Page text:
There is nothing like the captivating island of Bali. The first time I was there, I was totally blown away by its people, culture, food and lifestyle. Ubud is in the middle of nature; surrounded by rice terraces and thick jungle. As the sun rises at Villa Tanah Shanti, the jungle becomes alive with birds and insects singing you back to this earthly realm. The air is filled with magic and you’ll learn early on that spirituality is an integral piece of Balinese culture. You won’t go far without seeing a small square or round palm leaf offering filled with flowers and rice, Canang Sari, on the streets. The phrase “Canang Sari” is derived from the Balinese words sari means essence and canang means a small palm-leaf basket. Canang Sari is the symbol of gratitude and are offered every day in the morning, afternoon and evening as a form of thanking the Gods for peace given to this world. Canang sari can also be used to ward off negative energy, attract prosperity or honor ancestors.
These beautiful offerings also represent the elements (fire, water, earth and air), the directions (north, south, east and west) and Hindu Gods (Shiva, Brahma,and Vishnu). One of my favorite aspects of Canang sari are the colorful flowers that delight anyone who is lucky enough to see one in person. The colors of the flowers are white, red, yellow, blue or green. These colors are not randomly chosen:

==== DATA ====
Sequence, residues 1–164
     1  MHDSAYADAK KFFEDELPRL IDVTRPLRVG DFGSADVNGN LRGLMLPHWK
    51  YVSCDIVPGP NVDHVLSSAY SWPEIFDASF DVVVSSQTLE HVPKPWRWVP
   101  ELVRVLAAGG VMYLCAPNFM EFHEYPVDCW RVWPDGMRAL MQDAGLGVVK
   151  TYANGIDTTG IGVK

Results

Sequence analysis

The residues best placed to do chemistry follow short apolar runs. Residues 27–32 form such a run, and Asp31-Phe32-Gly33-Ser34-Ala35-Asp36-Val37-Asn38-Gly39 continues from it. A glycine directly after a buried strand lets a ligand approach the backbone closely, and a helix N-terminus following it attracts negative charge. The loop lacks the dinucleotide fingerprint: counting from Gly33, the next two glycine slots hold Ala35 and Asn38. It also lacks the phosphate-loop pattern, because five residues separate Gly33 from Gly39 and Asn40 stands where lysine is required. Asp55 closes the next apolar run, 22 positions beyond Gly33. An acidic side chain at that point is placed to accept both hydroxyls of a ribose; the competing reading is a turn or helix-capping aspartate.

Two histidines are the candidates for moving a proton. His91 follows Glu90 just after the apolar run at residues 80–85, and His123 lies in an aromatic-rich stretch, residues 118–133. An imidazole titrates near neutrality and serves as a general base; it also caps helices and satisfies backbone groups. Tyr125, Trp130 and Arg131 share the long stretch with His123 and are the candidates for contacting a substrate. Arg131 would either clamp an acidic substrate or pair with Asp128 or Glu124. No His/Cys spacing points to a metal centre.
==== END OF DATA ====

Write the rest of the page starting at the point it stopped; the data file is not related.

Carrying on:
- White-colored flowers that point to the east as a symbol of Iswara, also known as Shiva. Shiva is as one of the Trimurti, holy trinity of supreme divinity in Hinduism, Gods.
- Red-colored flowers that point to the south as a symbol of Brahma, God of Fire. Brahma is often referred to as the great grandsire of all human beings and another pillar of the the Trimurti.
- Yellow-colored flowers that point to the west as a symbol of Mahadeva. Mahadeva means “Great god”.
- Blue or green colored flowers that point to the north as a symbol of Vishnu. Vishnu is conceived as “the Preserver” within the Trimurti.
The average Balinese familial compound requires around 15 canangs to be placed in strategic areas within the home three times each day. The Padma, or temple statue in the north-eastern corner, needs two. The statue next to it – the Tugu, responsible for home security – also receives two. A fifth is left on the ground in between them to placate the lower spirits. The next is balanced on top of a compound’s well or water-bore – for watery Vishnu. Brahma is offered one in the Kitchen. Another single offering is placed in the main bedroom, on the family gazebo (or bale bengong), and one on the ground in the middle of the compound for Ibu Pertiwi, Mother Earth. The last four go outside. The Pengapit lawang – the little shrines either side of a compound gate – receive one each, and the final two are placed between them on the ground for the lower spirits. Only by honouring both the higher and lower spirits of a household can negativity be balanced with positivity – thus ensuring family harmony. Overall, canang sari powerfully illustrates a culture that values its rituals and beliefs.